Let’s now build and run the app locally:

  $ go build
$ ./go-kubernetes
2020/05/17 7:11:58 Starting Server
$ curl localhost:8080?name=Tom
Hello, Tom

Step 2- Apply Docker containers to a Go application (Move to Top)

To deploy our app on Kubernetes, we need to first containerize it. Create a file named Dockerfile inside the project’s folder and add the following configurations in the Dockerfile.


# Dockerfile References:

# Start from the latest golang base image
FROM golang:latest as builder

# Add Maintainer Info
LABEL maintainer="Tom"

# Set the Current Working Directory inside the container

# Copy go mod and sum files
COPY go.mod go.sum ./

# Download all dependencies. Dependencies will be cached if the go.mod and go.sum files are not changed
RUN go mod download

# Copy the source from the current directory to the Working Directory inside the container
COPY . .

# Build the Go app
RUN CGO_ENABLED=0 GOOS=linux go build -a -installsuffix cgo -o main .

######## Start a new stage from scratch #######
FROM alpine:latest  

RUN apk --no-cache add ca-certificates

WORKDIR /root/

# Copy the Pre-built binary file from the previous stage
COPY --from=builder /app/main .

# Expose port 8080 to the outside world

# Command to run the executable
CMD ["./main"] 

We shall not discuss the details of the Dockerfile here. Please check out our Introduction to Docker course to learn more.

Step 3- Integrate the Docker image to Docker hub (Move to Top)

Let’s build and push the docker image of our Go app on docker hub so that we can later use this image while deploying the app on Kubernetes –


# Build the docker image
$ docker build -t go-kubernetes .

# Tag the image
$ docker tag go-kubernetes callicoder/go-hello-world:1.0.0

# Login to docker with your docker Id
$ docker login
Login with your Docker ID to push and pull images from Docker Hub. If you do not have a Docker ID, head over to to create one.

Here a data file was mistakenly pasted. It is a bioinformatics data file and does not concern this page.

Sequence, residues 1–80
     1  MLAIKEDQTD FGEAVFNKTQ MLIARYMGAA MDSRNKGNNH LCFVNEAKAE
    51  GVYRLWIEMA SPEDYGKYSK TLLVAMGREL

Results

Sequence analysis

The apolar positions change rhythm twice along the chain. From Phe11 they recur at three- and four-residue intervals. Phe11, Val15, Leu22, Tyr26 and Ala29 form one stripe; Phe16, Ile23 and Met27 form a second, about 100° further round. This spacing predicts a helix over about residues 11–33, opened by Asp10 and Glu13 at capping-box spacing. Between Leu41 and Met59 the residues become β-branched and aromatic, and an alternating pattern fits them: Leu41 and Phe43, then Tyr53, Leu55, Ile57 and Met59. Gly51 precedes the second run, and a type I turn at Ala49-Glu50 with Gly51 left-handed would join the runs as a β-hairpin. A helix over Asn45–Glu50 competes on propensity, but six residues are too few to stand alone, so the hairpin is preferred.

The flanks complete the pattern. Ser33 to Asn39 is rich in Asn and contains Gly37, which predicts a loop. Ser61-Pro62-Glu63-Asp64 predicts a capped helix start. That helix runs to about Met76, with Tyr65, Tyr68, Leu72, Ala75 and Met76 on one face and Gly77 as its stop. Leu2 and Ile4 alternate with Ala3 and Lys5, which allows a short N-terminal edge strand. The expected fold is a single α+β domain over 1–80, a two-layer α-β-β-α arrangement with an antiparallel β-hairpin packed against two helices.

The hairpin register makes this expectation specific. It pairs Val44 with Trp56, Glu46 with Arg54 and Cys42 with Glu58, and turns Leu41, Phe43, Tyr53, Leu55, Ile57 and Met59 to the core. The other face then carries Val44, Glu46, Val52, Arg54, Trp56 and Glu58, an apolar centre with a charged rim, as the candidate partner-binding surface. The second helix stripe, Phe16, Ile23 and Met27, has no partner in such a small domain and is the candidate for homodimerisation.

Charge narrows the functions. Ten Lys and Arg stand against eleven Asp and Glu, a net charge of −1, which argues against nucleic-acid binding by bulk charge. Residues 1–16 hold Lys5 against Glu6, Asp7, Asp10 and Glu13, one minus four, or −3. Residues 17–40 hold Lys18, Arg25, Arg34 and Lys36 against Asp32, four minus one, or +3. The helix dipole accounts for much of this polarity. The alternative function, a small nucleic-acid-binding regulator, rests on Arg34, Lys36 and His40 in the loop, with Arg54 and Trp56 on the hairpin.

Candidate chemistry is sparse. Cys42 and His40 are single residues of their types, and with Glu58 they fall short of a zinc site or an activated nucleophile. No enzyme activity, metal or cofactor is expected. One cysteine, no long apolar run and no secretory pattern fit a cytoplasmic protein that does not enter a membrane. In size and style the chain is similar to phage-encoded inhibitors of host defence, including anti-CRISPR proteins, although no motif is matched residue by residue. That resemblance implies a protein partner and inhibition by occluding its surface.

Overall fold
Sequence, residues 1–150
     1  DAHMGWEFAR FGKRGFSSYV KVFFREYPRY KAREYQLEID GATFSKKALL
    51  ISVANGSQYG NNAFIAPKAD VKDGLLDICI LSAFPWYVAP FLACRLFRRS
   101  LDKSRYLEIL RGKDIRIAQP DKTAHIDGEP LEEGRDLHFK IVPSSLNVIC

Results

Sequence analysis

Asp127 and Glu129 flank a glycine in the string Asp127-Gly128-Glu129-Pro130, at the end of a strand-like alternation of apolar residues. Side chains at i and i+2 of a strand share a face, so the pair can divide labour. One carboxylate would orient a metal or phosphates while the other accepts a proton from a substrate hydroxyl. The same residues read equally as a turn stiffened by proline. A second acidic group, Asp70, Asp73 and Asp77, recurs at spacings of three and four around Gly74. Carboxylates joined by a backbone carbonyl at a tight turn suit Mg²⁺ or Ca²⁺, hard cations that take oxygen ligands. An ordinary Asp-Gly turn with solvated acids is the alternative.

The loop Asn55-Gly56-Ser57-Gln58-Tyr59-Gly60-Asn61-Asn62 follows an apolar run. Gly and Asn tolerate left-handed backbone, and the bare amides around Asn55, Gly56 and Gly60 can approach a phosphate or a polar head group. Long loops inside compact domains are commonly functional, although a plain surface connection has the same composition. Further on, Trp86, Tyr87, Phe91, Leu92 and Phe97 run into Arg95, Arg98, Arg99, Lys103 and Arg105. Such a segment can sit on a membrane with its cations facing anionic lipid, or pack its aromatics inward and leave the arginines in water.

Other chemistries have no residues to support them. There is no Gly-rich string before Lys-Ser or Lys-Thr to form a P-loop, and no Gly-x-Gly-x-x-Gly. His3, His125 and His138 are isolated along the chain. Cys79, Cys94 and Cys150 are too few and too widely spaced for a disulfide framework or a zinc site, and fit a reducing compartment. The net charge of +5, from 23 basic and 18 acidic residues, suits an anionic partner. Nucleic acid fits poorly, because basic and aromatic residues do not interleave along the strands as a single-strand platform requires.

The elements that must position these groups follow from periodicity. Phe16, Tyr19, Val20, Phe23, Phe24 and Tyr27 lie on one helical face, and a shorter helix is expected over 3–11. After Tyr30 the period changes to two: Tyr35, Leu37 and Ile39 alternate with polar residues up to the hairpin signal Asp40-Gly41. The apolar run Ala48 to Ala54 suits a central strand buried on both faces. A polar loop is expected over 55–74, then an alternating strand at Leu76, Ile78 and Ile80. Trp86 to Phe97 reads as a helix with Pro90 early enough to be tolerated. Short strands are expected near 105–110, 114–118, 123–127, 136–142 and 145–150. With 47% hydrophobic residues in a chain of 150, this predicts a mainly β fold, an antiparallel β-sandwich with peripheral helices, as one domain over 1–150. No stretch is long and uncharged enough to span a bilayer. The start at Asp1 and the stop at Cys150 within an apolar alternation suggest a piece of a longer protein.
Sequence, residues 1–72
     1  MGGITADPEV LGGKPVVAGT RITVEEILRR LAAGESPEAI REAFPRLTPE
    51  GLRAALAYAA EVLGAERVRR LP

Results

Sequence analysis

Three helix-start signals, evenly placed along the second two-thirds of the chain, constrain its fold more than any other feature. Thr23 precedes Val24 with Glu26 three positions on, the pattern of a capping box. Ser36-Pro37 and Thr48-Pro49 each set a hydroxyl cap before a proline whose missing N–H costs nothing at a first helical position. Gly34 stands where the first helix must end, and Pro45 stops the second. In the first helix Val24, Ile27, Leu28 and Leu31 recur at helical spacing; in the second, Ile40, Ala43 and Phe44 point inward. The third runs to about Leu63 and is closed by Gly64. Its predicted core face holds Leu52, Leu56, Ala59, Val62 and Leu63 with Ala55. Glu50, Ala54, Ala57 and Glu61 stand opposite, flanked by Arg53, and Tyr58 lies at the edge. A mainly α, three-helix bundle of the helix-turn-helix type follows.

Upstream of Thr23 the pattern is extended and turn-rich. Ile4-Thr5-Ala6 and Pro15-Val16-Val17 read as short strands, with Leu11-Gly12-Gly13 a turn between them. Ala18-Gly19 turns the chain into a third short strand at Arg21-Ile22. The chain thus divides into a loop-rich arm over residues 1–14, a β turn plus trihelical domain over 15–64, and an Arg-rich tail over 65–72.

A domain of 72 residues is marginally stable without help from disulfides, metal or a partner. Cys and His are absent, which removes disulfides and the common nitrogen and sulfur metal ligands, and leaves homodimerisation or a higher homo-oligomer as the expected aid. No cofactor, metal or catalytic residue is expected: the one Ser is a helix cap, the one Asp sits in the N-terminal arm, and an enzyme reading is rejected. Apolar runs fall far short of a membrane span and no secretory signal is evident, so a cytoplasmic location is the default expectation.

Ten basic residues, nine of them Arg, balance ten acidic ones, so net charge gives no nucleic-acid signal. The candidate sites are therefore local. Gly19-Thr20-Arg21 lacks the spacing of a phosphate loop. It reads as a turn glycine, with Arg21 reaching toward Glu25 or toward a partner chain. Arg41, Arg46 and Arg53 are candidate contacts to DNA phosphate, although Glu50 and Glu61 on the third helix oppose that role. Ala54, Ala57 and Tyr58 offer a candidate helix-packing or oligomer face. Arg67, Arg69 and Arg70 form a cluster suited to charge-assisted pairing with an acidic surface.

Username (callicoder): callicoder
Login Succeeded

# Push the image to docker hub
$ docker push callicoder/go-hello-world:1.0.0

Step 4- Creating a Kubernetes deployment (Move to Top)

Now we can move on moving a Kubernetes deployment for our app. Deployments are a declarative way to instruct Kubernetes how to create and update instances of your application. A deployment consists of a set of identical, indistinguishable Pods.

Pod represents a unit of deployment, i.e. a single instance of your application in Kubernetes, which might consist of either a single container or a small number of containers that are tightly coupled and that share resources.
When it comes to managing Pods, deployments abstract away the low-level details like what node is the Pod running on. Pods are tied to the lifetime of the node. So when the node dies, so does the Pod. It’s the job of the deployment to ensure that the current number of Pods equals the desired number of Pods.

We specify the details of the number of Pods, what containers to run inside the Pod, how to check if the Pod is healthy or not, in a so-called manifest file. It’s a simple yaml file with a bunch of configurations containing the desired state of our application.



apiVersion: apps/v1
kind: Deployment                 # Type of Kubernetes resource
  name: go-hello-world           # Name of the Kubernetes resource
  replicas: 3                    # Number of pods to run at any given time
      app: go-hello-world        # This deployment applies to any Pods matching the specified label
  template:                      # This deployment will create a set of pods using the configurations in this template
      labels:                    # The labels that will be applied to all of the pods in this deployment
        app: go-hello-world 
    spec:                        # Spec for the container which will run in the Pod
      - name: go-hello-world
        image: callicoder/go-hello-world:1.0.0 
        imagePullPolicy: IfNotPresent